Deaths = 3 (one shot; one shoved off a cliff; one poisoned)

Tuesday, April 23, 2019

Lord Peter Views the Body

Lord Peter Views the Body, is a delightful gathering of stories featuring Lord Peter Wimsey. The hard copy version has twelve stories while this particular audio version (read by Ian Carmichael) is missing three of the originals--including one of my favorites, "The Learned Adventure of the Dragon's Head." I have put together a brief note on each of these fun stories. Not a lot of detail, but that's to be expected with short stories. Sayers does manage to pull the reader right in regardless. ★★★★--but, then, I am biased. I love all things Wimsey and I especially love all things Wimsey when read by Ian Carmichael.

"The Abominable History of the Man with Copper Fingers": A story of jealousy and a well-known sculptor's plan for revenge. Fortunately, Wimsey is on hand to prevent the artist from completing the second half of his masterpiece.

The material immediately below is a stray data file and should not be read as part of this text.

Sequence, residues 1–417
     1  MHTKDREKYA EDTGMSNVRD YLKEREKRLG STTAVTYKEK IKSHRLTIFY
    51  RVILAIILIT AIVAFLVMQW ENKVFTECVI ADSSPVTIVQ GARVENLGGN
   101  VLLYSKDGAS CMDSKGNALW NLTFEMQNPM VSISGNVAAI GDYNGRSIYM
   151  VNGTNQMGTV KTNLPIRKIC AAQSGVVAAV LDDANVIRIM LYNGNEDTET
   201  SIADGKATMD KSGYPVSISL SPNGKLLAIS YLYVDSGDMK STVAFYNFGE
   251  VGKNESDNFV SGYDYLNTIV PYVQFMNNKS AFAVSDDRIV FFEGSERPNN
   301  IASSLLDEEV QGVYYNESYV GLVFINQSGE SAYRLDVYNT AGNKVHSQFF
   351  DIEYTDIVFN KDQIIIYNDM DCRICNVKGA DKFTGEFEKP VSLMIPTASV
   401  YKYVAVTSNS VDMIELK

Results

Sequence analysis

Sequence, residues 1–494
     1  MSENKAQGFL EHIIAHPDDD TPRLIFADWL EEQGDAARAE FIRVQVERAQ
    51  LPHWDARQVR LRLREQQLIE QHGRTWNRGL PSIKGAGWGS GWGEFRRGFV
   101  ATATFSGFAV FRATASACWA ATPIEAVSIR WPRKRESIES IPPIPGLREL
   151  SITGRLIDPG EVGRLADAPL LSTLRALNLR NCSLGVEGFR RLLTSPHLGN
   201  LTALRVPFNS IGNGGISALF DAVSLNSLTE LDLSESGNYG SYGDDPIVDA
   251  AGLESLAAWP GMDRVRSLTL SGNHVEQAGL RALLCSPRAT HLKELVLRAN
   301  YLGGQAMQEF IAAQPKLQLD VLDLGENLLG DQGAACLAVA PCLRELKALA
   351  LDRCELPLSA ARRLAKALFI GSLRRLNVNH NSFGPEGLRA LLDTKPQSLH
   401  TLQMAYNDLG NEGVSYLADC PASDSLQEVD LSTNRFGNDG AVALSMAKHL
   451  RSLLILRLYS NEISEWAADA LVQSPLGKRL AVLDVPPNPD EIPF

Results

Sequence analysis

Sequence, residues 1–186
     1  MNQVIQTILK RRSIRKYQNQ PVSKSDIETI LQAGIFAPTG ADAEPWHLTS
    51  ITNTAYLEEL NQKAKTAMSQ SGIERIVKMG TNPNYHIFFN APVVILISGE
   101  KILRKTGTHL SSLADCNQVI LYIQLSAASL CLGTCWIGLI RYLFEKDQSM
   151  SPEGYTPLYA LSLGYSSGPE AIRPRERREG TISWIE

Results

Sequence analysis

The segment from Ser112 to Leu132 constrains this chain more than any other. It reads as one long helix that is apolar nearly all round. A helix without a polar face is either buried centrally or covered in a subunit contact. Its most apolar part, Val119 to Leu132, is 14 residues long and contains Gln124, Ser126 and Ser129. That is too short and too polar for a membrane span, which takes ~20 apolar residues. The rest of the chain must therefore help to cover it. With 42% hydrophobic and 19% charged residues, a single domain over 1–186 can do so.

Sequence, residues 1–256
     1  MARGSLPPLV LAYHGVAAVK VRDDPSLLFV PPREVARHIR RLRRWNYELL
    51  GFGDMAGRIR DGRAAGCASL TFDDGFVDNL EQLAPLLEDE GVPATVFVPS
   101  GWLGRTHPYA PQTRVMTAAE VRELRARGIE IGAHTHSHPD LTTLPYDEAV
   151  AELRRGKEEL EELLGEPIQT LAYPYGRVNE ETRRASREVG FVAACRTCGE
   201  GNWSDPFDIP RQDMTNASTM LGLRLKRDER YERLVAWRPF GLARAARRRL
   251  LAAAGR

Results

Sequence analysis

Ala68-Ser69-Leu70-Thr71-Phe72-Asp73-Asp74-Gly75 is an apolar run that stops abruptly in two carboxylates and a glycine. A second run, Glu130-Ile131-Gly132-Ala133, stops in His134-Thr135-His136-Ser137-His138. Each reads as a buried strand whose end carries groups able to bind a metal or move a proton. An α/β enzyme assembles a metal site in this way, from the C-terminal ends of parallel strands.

"The Fantastic Horror of the Cat in the Bag": A high-speed motorcyclist gets a nasty surprise when he opens a bag picked up from a cloak room.
"The Unprincipled Affair of the Practical Joker": Wimsey uses a lovely bit of sleight of hand to silence a blackmailer.
"The Undignified Melodrama of the Bone of Contention": Wimsey delves into the mystery of the death coach--a ghostly coach pulled by headless white horses and driven by a headless coachman.
"The Vindictive Story of the Footsteps That Ran": His lordship solves a murder by noticing which way the footsteps ran.
"The Bibulous Business of a Matter of Taste": Will the real Lord Peter please stand up? Or at least correctly identify six varieties of wine. A story of not one, not two, but three Wimseys.
"The Piscatorial Farce of the Stolen Stomach": Great Uncle Joseph chooses an unusual hiding place for his wealth.
"The Unsolved Puzzle of the Man with No Face": Wimsey solves a murder using clues provided in the discussion amongst his fellow train travelers.